Marriages in Virginia
Alternate Title: Marriage Rights and Legal Considerations in Virginia
Marriage is a cultural and social institution that has long been understood as a commitment of a couple’s love and devotion to each other. It also serves as a legal status that provides couples with federal rights along with additional benefits offered under state law. Many of these rights are intended to assist families during times of crisis, such as the ability to make medical decisions for a spouse who is incapacitated.
Marriage in Virginia
In order to get legally married in Virginia, couples will need to have a valid marriage license present at the time of the ceremony. After this license has been obtained from a local Clerk of the Circuit Court, ceremonies must be performed within 60 days. Virginia law also advises couples to disclose any relevant information to each other prior to the ceremony that could be grounds for voiding the marriage later, including felony conviction, impotency, or If the wife is pregnant by another person other than the husband at the time of marriage
There are over 1,100 federal benefits, protections, and rights that are granted based off of marital status, some of which are outlined below:
- Social Security – The surviving spouse of a working American is eligible to receive Social Security payments. A spouse can also receive benefits for caring for the minor child of a deceased worker.
- Family and Medical Leave – The U.S. Family and Medical Leave Act guarantees leave for employees to care for children, parents, or spouses.
- Immigration Law – After marriage, a U.S. citizen or permanent resident may petition for their spouse to immigrate into the country.
- Tax Benefits – Married couples are able to file joint income tax returns with the IRS, and this may offer financial advantages over filing separate returns.
- Military and Veterans Benefits – The spouse of a deceased veteran is entitled to many important benefits, including survivor benefits, health care, home loan guarantees, and educational assistance.
Common Law Marriages in Virginia
A common law marriage occurs when two people consider and hold themselves out as a married couple without a formal ceremony or license. These arrangements are not considered marriages in Virginia. However, they will be recognized in this state if they were valid in another part of the country where they took place, as long as they were between two individuals who would have been eligible for marriage under Virginia law.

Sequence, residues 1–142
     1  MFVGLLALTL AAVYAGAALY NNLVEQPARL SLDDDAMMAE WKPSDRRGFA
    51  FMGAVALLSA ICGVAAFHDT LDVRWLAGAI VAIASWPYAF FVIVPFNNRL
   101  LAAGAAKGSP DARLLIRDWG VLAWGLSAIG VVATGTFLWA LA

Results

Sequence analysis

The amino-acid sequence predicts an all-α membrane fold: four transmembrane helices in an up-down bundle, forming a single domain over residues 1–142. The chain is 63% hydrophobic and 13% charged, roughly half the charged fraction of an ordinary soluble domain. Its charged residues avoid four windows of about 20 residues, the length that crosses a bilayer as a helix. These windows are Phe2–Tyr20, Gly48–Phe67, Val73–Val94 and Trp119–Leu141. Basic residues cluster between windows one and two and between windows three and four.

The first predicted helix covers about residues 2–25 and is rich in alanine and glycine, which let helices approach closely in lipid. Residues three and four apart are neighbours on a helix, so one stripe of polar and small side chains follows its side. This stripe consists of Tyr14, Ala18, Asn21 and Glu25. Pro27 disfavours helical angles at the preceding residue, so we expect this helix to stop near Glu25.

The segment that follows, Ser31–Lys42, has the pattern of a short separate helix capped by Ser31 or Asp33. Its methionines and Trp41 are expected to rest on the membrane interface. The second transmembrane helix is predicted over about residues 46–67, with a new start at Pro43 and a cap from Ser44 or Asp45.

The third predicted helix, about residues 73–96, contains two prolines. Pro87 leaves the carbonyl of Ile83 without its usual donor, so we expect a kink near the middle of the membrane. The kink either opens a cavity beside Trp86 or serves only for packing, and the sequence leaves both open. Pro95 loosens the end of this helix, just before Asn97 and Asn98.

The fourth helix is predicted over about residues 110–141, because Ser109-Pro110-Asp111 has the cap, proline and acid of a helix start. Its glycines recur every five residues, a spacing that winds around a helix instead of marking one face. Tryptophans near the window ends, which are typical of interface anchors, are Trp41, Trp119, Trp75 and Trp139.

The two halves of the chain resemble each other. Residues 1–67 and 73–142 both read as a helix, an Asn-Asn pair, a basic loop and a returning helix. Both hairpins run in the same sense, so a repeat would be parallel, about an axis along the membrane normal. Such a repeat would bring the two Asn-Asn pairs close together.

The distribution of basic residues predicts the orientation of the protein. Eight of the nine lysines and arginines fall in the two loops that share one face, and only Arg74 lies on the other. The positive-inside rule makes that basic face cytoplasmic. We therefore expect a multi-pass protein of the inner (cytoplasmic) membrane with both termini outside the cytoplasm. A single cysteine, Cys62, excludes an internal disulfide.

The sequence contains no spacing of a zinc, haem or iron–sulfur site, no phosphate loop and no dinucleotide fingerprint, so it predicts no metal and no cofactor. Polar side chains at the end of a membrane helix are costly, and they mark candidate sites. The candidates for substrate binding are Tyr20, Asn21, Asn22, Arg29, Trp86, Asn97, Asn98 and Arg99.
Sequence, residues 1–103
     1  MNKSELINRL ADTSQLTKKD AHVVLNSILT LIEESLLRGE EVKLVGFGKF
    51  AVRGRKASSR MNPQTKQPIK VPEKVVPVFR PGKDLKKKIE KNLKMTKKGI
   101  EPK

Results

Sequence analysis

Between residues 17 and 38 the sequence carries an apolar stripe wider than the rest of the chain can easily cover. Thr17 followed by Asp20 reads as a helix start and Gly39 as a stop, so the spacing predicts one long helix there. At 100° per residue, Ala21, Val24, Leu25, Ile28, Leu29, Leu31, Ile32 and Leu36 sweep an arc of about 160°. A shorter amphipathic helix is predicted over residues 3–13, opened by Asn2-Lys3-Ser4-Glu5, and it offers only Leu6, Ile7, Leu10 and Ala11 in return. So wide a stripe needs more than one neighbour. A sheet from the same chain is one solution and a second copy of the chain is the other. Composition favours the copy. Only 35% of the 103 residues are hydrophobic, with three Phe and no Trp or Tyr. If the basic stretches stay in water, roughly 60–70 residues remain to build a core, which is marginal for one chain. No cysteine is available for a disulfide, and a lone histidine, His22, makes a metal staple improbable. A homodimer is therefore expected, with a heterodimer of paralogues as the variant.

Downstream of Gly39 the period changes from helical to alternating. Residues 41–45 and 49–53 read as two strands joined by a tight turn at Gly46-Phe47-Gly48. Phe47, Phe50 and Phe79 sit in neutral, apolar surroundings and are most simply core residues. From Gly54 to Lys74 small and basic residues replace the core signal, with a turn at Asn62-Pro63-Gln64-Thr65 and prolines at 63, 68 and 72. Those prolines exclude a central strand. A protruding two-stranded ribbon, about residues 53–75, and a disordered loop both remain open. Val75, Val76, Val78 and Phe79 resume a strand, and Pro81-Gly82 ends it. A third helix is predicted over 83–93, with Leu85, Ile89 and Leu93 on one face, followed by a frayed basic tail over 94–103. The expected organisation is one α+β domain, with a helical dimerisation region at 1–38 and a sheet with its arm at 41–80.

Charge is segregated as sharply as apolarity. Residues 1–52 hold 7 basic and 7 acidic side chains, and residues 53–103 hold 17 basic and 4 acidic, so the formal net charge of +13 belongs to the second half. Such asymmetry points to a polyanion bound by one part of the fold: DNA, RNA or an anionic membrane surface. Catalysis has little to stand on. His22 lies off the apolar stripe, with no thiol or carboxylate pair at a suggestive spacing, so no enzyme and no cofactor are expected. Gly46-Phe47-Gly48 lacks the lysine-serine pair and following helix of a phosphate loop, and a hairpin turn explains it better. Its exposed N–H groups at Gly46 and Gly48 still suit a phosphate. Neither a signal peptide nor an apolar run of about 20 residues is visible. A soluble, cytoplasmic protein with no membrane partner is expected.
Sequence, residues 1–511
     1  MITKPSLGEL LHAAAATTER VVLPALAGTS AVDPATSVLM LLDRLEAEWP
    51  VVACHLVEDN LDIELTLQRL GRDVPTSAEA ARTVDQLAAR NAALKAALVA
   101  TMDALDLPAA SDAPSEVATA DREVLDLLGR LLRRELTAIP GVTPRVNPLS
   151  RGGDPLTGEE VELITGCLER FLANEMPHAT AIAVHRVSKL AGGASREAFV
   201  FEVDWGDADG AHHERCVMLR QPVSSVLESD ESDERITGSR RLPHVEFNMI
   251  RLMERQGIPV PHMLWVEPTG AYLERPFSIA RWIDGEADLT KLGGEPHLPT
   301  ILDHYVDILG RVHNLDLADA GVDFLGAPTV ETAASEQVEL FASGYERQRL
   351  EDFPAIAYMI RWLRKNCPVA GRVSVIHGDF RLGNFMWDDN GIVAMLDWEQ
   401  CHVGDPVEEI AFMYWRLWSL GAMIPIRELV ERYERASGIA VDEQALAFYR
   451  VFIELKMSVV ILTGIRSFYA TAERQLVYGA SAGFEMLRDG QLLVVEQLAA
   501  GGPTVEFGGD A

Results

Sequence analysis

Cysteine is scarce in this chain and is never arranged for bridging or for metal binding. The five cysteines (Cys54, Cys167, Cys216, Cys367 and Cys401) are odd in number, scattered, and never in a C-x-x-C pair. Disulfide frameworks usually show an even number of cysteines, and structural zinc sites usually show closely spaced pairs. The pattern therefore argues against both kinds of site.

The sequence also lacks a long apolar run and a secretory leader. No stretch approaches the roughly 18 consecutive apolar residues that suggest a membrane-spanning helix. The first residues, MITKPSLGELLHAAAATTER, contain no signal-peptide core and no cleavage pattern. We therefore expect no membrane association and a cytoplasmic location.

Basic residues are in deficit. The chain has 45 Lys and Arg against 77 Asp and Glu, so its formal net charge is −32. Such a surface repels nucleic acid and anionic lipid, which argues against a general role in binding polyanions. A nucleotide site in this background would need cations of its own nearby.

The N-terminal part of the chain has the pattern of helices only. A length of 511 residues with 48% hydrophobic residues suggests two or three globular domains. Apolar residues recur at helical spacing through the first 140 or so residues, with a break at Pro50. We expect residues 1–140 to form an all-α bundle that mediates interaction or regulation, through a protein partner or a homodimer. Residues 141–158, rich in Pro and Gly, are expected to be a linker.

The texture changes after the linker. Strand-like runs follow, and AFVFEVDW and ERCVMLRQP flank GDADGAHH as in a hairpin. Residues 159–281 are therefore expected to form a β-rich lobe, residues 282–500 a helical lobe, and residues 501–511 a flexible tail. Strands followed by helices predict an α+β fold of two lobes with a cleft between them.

Same-Sex Marriage in Virginia
The Commonwealth of Virginia has legally recognized same-sex marriage since October 6, 2014, at which time the Supreme Court of the United States refused to hear an appeal in the case of Bostic v.
Schaefer. This lawsuit was filed in July 2013 and challenged the state’s refusal to sanction same-sex marriages in Virginia. The plaintiffs won their case in February 2014, and the ruling was upheld in July 2014. Marriages between same-sex partners began at 1:00PM on October 6, 2014 after the mandate was issued by the Circuit Court, and since then, Virginia has been performing legal marriages of same-sex partners and has recognized same-sex marriages that occurred out-of-state.
Adoption statue in Virginia permits either a single, unmarried individual or a married couple to adopt. Prior to the legalization of same-sex marriage in the state, this rule excluded same-sex couples from adopting. Now that same-sex marriage has been permitted in Virginia, a same-sex couple can adopt a child as a married couple, as long as all other requirements have been met. Married same-sex couples are also able to complete a step-parent adoption if one of the spouses is already the legal parent of a child and the other spouse is not.
Legal Considerations in Marriage in Virginia
Before marrying in the Commonwealth of Virginia, both heterosexual and same-sex couples need to comprehend the legal considerations that will accompany their union:
- Property: Any property acquired during the marriage will presumed to be marital property in the event of a divorce.
- Debts: Marriage doesn’t automatically make a spouse responsible for the debts of the other spouse if he/she did not co-sign on the applications or loans. However, if a debt is incurred during the marriage, the creditor will usually have the ability to sue either spouse for the entire amount owed.
- Support Obligations: In a marriage, spouses are responsible to support one another. Circumstances might arise in which one spouse becomes obligated to support the other, so married couples should be aware of this as they establish roles within the marital relationship. Spousal support obligation questions usually arise upon divorce or separation, at which time the courts will look at each spouse’s income, each spouse’s needs, the duration of the marriage, and the standard of living during the marriage.
- Estate Planning and Wills: Under Virginia law, if a person, without descendants, dies without a will , the entire estate passes to a surviving spouse. if a person, with descendants, dies without a will , 1/3 of of the estate passes to a surviving spouse. Even if a couple has few assets, it is always wise to consult with an attorney about estate planning after marriage.
As the most significant legal human relationship, marriage carries numerous rights and consequences that make it the basis of family life in Virginia. The laws that affect the rights and legal considerations of married people are constantly changing, and there are a variety of benefits and responsibilities that come with this union. If you have questions about legal issues affecting your marriage, getting the advice of an attorney can save you considerable conflict, frustration, and expense later.